We explain what dialects are, how they are classified and why they are important. Also, what are its characteristics and examples.
What are dialects?
A dialect or dialect variant is one of the possible manifestations of a certain language or language . It occurs within the framework of a specific context (usually geographic), and does not present radical differences with respect to the language that make understanding impossible.
In other words, dialects are each of the specific ways of speaking a language that are distinguished in their speech, although they belong to the same system of meanings and the same grammatical logic, that is, to the same language.
It is not easy to distinguish between the dialects of a language , nor is it easy to determine who speaks a language and who speaks a dialect. These distinctions are generally of a socio-political rather than linguistic type, since “neutral” or objective forms do not really exist in verbal language .
Differences with a language
In principle, a language is the sum of all the dialects, styles , variants and manifestations in which its speakers put it into practice.
In that sense, a language is an abstraction .
This means that dialects form a sector within the order of the language , that is, they are an internal category, but not for that reason negligible or of lesser value.
It could be said that if the language is an ideal way of speaking , each dialect is a real way of doing it.
Two types of dialect are recognized:
- Geographical. Called “diatopic variants” or “geolects”, they are the variations of the same language that take place in the different populations that speak it, as a consequence of the passage of time and geographical separation .
- Social. Called “diastratic variants” or “sociolects”, they are the variations of the same language that take place between different strata, social classes , professions or social and cultural circuits.
Why are dialects important?
Dialects are the language in its most alive state that exists .
They are the specific way in which we practitioners of a language speak, taking into account our historical, cultural and anthropological context , that is, making the language a reflection of our existence.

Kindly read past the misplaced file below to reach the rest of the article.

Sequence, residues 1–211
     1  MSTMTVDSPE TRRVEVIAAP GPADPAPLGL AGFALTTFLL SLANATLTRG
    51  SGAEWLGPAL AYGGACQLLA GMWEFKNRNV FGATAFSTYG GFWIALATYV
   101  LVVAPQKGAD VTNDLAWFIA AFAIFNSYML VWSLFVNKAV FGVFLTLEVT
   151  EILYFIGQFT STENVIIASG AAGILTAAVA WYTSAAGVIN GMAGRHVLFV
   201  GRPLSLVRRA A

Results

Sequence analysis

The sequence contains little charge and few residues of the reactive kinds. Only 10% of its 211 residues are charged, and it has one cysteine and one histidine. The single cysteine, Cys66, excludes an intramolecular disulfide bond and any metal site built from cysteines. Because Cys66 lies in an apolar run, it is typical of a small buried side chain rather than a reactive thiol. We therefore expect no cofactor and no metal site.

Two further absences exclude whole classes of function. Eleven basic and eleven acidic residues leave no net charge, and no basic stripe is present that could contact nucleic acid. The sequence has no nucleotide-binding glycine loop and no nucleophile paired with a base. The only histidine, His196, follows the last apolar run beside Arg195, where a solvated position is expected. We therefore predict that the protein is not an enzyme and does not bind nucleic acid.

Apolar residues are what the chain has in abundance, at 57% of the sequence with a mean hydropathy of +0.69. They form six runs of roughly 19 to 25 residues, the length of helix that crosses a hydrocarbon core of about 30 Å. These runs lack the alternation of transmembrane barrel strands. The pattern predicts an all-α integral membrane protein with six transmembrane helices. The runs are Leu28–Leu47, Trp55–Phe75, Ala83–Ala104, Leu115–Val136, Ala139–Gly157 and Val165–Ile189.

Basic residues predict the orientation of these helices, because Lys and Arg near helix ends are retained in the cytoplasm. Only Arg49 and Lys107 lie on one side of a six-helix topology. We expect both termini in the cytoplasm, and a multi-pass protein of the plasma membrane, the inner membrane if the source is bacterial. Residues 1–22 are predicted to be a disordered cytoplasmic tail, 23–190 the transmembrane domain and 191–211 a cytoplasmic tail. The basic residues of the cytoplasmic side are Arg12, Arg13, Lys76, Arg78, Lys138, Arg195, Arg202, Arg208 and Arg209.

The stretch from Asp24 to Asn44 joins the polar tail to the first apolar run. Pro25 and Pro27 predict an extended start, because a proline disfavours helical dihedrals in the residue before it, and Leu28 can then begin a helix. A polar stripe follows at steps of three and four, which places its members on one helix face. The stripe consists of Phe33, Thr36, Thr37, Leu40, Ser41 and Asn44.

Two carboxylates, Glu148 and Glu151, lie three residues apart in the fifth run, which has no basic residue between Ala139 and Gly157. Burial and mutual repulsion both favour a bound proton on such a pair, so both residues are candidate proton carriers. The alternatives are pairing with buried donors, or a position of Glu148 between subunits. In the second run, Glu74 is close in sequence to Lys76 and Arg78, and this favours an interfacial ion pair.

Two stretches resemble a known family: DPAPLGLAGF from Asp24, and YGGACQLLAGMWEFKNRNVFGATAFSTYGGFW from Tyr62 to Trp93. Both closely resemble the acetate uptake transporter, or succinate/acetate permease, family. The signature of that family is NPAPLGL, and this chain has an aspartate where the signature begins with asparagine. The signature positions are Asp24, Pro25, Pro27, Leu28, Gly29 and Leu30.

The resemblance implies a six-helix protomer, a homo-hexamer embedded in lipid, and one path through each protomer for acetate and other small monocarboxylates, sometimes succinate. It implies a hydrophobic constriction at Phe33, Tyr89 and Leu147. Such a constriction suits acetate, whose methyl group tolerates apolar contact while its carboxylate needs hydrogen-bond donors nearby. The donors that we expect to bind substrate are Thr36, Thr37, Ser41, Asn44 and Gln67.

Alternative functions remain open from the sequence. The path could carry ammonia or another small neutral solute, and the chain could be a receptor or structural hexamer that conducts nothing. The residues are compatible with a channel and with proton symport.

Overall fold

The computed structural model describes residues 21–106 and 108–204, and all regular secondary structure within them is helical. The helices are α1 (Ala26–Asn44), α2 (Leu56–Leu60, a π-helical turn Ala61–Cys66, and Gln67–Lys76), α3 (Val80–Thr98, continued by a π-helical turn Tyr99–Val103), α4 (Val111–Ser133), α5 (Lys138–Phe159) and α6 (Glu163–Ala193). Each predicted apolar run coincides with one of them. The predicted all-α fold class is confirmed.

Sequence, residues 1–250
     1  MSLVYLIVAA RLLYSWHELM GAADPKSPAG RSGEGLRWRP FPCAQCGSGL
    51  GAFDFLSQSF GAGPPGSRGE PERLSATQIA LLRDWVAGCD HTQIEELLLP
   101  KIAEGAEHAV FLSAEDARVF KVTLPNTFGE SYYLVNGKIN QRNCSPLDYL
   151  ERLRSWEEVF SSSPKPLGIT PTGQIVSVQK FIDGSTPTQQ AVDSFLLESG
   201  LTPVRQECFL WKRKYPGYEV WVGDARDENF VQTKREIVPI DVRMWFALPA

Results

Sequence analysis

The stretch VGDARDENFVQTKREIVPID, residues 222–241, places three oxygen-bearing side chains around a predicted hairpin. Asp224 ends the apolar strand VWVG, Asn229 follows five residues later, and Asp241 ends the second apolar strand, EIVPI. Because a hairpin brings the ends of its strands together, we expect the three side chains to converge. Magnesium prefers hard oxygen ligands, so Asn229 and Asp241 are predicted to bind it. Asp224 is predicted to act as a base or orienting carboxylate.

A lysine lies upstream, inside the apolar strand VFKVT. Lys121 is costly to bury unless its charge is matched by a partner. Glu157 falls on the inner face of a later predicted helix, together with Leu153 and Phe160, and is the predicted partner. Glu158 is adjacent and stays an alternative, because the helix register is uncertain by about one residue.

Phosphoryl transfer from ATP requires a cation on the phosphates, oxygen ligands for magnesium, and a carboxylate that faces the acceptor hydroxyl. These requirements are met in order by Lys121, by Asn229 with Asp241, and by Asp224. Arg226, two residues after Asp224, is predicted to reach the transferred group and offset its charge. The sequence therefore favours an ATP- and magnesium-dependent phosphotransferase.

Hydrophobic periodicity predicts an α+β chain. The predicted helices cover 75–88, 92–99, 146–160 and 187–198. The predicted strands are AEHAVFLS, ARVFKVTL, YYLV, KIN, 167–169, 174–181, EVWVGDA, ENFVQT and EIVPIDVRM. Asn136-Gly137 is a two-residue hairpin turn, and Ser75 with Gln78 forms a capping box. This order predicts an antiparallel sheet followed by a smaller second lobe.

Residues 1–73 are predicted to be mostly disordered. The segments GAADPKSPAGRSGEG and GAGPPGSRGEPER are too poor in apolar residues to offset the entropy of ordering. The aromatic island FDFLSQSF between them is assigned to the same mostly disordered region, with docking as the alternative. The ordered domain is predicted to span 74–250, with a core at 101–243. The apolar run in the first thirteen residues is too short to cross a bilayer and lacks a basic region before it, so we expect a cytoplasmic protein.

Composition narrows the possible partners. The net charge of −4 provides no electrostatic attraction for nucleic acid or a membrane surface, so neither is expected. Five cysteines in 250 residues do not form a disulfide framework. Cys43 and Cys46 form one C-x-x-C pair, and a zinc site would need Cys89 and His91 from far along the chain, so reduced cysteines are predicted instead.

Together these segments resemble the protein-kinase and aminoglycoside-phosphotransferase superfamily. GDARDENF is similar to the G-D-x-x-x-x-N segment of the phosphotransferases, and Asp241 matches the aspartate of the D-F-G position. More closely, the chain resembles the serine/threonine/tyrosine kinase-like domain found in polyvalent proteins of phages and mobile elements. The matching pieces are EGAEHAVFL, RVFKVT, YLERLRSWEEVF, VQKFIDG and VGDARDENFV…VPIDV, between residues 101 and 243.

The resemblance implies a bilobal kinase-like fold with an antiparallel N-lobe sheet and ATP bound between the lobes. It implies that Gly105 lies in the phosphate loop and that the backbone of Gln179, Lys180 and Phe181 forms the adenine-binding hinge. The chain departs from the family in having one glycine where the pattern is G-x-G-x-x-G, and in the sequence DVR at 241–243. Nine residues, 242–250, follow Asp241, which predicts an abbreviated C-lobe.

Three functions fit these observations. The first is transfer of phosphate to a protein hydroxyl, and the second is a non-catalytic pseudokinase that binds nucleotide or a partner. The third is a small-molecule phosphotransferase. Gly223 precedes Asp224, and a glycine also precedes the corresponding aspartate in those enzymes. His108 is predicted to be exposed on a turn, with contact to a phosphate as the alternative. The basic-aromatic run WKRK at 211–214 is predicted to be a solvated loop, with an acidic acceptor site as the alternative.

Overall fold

Far from being a secondary category, dialects are the “truth” of the language .
The dialects are:
- Local. They belong to a certain sector of the speakers of a language, although the rest can understand or recognize it at least as part of the same language .
- Contextual. They present different forms of elaboration depending on the context of use, such as registration (formal, informal, colloquial), command of the language or “standard” variety (high, medium, low) and individual or personal style.
- Historical Each dialect has its own history of elaboration, which is also part of the history of the language to which they belong.
How to recognize dialects?
When it comes to recognizing whether two forms of speech are dialects of the same previous language, the following reasons are taken into account:
- Mutual intelligibility. Two dialects of the same language will appear to be very different, but between them they will present a common ground that will allow them to recognize and understand each other to a certain degree.
- Shared territoriality. Two dialects are generally located in the same territory and often the same political unit, either in the present or in some near past.
- Common writing. The dialects of the same language share writing and generally have a common literary tradition.
Bad uses of the term
The term dialect has been used as a way to discredit the language of some communities . It is used to suggest that a language does not become a language because it is minor, insignificant or despicable.
This attitude has been taken mainly with the pre-Columbian American languages . This is a conceptual error, since these languages were fully used languages that came from their own linguistic families.
In addition, a racial prejudice that diminishes or infantilizes the oppressed and exterminated civilizations during the conquest .
The Spanish language has different dialects. They can be explained taking into account a larger geographical division , which contrasts the way in which they speak in Europe and the way in which they speak in America :
- Peninsular dialect. The one spoken in Europe, especially in Spain . It is characterized by the use of you , and the pronunciation of the c and the z . It can in turn be divided into two different dialects:
- Northern dialects. Those spoken in the northern half of the Iberian Peninsula, such as the Castilian dialect (Castilian Castilian), Aragonese, Riojan, Leonese or Churro or Valencian.